Once you have your governance document in place, share the results with your internal and external stakeholders to create alignment. Finally, make sure your strategy is widely implemented and review your results for subsequent changes if necessary.

Related article: Why Your Strategies Fail To Create Change

3 brands at the forefront of brand management strategy

Red Wing Shoes is a great example of how to pave the way for a mature brand management strategy. Starting with a lively workshop, the shoemaker’s marketing team defined key performance indicators as well as strategies driving their entire martech stack. Three specific strategies have been established covering customer personalization, team productivity and sharing of marketing value across the organization. After successfully sharing its roadmap with stakeholders, the marketing team began to implement its program supported by a DAM platform spanning 100 users and over 60,000 assets.

Kraft Heinz has created a detailed strategy for how it creates, manages and distributes its marketing content. The global food company has taken the time not only to understand why a DAM platform is important, but also to develop a detailed business case for its implementation and development. By executing this plan, Kraft Heinz has seen lower costs, better security policies for its assets, and a significant increase in the speed at which it delivers targeted content to its consumers. He also hopes to create a source of income around many of his assets in the future.

Lands’ End, one of the early pioneers of e-commerce, has taken a major step in its digital asset management strategy by evolving its first generation DAM platform as well as its content management system and associated processes . One of the steps was to migrate data from its third-party media repositories to its DAM system, which required both a new taxonomy and the elimination of duplicate assets. By syncing Product IDs, the company has created a unique version of its digital assets, linked to both the product description / part number and sample data where applicable. It also allowed the creation of groups with the appropriate rights, roles and permissions.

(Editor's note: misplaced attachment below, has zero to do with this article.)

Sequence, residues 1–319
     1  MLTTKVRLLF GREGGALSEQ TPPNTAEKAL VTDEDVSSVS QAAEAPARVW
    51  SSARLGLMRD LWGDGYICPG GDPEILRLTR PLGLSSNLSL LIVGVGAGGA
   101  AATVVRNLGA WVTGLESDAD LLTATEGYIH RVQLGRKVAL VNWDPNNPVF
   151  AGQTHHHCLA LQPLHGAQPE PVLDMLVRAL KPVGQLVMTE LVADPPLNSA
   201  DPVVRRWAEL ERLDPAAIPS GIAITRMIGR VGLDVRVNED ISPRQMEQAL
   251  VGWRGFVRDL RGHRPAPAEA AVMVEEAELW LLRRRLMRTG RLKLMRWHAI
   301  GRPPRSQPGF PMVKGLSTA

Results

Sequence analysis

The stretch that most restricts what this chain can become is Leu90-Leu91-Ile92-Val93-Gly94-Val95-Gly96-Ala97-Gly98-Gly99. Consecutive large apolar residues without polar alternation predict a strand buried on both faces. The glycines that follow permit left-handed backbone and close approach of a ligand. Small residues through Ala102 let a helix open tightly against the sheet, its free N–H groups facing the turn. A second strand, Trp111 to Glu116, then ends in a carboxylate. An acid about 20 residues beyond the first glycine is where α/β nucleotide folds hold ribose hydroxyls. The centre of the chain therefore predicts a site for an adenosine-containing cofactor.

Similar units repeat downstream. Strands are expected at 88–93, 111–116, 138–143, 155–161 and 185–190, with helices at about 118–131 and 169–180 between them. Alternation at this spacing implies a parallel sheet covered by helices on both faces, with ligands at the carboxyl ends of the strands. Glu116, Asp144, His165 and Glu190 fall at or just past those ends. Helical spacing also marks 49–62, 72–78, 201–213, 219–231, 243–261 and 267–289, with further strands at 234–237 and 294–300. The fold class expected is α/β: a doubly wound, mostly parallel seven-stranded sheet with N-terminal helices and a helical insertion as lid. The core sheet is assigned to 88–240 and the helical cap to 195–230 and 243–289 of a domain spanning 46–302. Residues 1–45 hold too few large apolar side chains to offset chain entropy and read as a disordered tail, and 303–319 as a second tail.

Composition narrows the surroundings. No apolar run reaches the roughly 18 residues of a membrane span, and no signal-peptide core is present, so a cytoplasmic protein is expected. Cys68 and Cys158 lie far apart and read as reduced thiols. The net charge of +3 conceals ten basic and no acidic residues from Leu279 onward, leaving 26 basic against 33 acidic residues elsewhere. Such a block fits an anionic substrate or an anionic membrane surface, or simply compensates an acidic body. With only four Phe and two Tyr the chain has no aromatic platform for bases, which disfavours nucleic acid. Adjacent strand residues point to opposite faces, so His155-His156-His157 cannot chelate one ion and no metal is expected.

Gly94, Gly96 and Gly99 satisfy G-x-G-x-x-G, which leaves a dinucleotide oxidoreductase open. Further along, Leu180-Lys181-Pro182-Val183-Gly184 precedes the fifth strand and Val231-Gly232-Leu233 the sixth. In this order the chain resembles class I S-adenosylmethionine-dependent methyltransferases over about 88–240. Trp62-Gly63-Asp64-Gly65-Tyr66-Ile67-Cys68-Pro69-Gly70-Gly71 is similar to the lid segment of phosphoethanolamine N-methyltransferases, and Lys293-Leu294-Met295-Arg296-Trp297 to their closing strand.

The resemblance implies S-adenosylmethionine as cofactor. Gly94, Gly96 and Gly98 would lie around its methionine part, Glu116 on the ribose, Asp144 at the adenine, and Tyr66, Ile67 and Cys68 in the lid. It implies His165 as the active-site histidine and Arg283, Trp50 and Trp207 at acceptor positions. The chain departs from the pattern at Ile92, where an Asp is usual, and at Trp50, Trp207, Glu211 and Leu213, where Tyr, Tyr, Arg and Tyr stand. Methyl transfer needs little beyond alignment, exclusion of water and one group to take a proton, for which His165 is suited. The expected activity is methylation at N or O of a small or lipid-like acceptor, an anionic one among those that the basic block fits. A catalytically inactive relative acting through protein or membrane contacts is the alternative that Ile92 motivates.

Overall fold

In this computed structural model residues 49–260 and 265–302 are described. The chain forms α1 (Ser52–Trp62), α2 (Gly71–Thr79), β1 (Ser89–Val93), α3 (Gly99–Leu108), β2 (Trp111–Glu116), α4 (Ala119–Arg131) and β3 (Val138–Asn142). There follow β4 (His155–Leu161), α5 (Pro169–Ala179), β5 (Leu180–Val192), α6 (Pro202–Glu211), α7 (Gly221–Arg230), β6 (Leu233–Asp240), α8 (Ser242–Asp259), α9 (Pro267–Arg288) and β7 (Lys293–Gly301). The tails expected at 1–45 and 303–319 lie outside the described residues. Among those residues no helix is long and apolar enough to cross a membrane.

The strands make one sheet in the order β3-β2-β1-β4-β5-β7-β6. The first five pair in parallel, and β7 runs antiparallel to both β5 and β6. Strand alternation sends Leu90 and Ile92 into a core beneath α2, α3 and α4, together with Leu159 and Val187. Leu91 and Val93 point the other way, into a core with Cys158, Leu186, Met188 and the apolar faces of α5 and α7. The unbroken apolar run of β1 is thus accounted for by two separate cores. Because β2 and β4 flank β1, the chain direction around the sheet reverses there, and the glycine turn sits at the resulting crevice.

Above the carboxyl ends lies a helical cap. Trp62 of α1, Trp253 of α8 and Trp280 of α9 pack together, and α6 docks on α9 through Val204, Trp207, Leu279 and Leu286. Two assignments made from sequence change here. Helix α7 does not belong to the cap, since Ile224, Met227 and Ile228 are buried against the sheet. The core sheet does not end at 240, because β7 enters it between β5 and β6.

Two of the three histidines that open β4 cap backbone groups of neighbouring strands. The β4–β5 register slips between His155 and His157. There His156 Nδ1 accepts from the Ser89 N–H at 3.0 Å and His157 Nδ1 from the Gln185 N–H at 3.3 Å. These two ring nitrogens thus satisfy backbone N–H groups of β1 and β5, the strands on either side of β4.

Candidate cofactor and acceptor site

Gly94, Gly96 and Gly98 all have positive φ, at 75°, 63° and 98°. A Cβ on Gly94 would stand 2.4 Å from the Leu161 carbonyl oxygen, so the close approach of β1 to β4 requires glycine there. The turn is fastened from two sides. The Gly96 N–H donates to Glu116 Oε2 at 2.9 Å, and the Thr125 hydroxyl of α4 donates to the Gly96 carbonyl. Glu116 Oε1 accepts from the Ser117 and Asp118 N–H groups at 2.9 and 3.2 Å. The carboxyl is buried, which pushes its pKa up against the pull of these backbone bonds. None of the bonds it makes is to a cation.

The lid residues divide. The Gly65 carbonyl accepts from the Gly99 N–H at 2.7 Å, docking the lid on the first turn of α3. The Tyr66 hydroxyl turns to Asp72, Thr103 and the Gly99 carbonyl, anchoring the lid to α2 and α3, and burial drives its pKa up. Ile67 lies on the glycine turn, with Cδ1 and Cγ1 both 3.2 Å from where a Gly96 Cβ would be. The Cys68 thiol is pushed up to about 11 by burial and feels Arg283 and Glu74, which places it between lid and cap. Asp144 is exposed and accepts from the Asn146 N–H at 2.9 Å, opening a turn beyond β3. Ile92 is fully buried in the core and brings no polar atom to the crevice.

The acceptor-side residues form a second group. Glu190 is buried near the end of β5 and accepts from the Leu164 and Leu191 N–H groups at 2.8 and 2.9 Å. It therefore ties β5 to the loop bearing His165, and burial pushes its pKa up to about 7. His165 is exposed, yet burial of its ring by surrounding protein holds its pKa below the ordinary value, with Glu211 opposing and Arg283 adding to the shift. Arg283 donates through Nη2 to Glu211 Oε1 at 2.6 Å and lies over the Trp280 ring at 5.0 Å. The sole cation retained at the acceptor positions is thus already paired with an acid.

Related Article: Why Digital Asset Management Is Now Officially Martech

Consistency is the key to an effective branding strategy

Consistency is the key to effective branding – and in all of these examples a DAM platform has been used to anchor the entire martech stack in support of creative and content operations. .

A number of marketing trends are contributing to the popularity of DAM systems: the demand for personalization of content based on customer behavior and interests; the need to create immersive experiences across all touchpoints; and the realization that overall brand consistency is essential. On the operations side, a DAM platform cuts costs through more efficient work processes, greater reuse of content, and reduced rework. Finally, it increases revenue through more compelling marketing, better sales support, and the ability to reach a larger audience.

In the next article, we’ll show how people can make or break branding – and how a dedicated workforce is key to optimizing brand management best practices.

Jake Athey is Vice President of Marketing and Customer Experience at Widen, where he helps organizations realize their maximum marketing potential by communicating the value of digital asset management (DAM) as part of branding and marketing strategies. marketing channels. A full member of the Content Strategy team, he oversees and manages all moving parts of content strategy, brand consistency, sales and more.

Cathy W. Howerton